4-8 July 2016
Kramer Law building
Africa/Johannesburg timezone
The Proceedings of SAIP2016 published on 24 December 2017
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Is the Abstract/Concrete Distinction a Useful Tool in Physics Education Research?

Presented by Mr. Philip SOUTHEY on 7 Jul 2016 from 11:30 to 11:50
Type: Oral Presentation
Track: Track E - Physics Education


The terms “abstract” and “concrete” are widely used in physics education research, and are linked to core educational concepts such as transfer and conceptual change. They are also pivotal in arguments for the development of educational materials. For example, a "modern" first year physics text book contains an abundance of concrete examples. Some commentators argue that this allows the material to be more accessible and relevant for students. Others argue that it obscures the underlying abstract physical principles and hinders knowledge transfer. However, given that the terms “abstract” and “concrete” originated in a priori philosophical inquiry, and have since been adopted by diverse disciplines including cognitive psychology, linguistics and artificial intelligence, it is unsurprising that their meaning can differ substantially both between and within disciplines. We present four different ways in which the “abstract/concrete” distinction is employed in education research: (i) immaterial/material; (ii) general/particular; (iii) sparse/rich; (iv) unfamiliar/familiar. In particular, we critique the “sparse/rich” distinction as it is used in the widely cited studies of Kaminski et al. and suggest that other theoretical concepts, such as cognitive resources and working memory may be more productive in explaining their results. In sum, we argue that an interrogation of the reasons for using the terms “concrete” or “abstract” will point toward more productive theoretical tools that provide greater conceptual clarity, and avoid the inherent ambiguity of the "abstract/concrete" distinction.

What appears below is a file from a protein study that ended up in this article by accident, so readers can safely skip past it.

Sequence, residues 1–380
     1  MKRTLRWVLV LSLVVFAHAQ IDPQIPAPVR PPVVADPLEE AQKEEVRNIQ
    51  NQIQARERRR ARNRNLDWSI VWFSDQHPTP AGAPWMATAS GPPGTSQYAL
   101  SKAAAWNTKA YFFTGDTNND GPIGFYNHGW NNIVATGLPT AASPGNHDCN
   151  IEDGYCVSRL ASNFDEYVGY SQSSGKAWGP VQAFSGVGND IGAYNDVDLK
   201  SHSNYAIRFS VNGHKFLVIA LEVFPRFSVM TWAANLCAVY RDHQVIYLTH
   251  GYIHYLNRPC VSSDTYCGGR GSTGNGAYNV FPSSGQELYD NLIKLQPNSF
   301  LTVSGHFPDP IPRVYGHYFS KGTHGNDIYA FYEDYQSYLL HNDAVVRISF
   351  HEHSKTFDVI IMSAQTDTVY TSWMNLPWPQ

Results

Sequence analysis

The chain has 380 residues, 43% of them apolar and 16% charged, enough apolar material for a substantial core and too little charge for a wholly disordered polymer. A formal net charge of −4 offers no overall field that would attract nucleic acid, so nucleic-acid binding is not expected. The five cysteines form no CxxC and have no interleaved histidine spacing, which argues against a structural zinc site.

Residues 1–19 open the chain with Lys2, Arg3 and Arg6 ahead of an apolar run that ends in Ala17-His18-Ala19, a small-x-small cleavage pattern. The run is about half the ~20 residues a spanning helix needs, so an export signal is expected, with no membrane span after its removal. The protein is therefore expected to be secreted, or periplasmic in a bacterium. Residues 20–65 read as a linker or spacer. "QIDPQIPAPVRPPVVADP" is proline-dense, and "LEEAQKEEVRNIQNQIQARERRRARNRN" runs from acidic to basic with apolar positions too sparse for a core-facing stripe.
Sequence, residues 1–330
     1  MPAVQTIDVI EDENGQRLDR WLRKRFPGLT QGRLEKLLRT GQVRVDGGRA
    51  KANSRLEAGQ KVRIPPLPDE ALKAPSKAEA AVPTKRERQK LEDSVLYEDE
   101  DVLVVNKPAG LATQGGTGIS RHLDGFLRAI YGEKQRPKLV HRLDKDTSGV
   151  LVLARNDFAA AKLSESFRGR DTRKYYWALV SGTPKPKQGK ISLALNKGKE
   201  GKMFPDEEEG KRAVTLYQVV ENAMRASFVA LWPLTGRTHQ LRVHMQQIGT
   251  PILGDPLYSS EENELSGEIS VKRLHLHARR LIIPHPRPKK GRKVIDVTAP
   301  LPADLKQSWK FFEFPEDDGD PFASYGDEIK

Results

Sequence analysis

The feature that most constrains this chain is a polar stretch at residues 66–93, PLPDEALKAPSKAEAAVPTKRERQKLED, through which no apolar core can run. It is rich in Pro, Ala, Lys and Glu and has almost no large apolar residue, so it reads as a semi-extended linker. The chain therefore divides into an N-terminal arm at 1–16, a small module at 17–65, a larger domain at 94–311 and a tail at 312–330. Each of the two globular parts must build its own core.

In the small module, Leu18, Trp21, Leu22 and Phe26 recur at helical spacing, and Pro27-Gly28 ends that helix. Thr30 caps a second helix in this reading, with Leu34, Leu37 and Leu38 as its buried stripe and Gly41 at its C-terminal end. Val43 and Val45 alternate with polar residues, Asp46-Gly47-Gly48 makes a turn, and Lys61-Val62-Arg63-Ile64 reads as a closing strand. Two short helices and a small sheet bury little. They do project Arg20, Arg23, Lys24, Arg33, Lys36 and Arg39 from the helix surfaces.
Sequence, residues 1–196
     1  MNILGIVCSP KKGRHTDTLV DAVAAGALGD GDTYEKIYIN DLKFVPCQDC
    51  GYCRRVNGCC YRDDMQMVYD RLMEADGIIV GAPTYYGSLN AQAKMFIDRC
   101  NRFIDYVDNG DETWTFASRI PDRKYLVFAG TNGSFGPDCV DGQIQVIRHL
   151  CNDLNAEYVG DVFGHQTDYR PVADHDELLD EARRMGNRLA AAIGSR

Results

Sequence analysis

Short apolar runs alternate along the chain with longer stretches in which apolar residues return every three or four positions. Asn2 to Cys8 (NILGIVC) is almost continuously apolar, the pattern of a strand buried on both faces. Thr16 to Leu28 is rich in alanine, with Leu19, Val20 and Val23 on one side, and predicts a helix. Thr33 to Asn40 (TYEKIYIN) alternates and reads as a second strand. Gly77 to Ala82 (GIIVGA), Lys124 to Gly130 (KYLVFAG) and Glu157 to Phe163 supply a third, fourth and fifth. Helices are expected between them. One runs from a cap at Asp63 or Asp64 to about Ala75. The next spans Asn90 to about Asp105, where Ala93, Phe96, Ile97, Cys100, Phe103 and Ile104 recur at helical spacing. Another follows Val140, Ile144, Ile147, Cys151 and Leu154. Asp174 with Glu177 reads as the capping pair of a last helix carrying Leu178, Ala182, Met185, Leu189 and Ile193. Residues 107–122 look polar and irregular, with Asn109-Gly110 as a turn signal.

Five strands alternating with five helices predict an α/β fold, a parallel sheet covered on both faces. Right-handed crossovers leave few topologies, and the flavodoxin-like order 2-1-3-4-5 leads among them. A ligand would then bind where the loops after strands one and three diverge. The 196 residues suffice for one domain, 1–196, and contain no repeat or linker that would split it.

Saalih Allie saalih.allie@uct.ac.za






Location: Kramer Law building
Address: UCT Middle Campus Cape Town
Room: 2B

Primary authors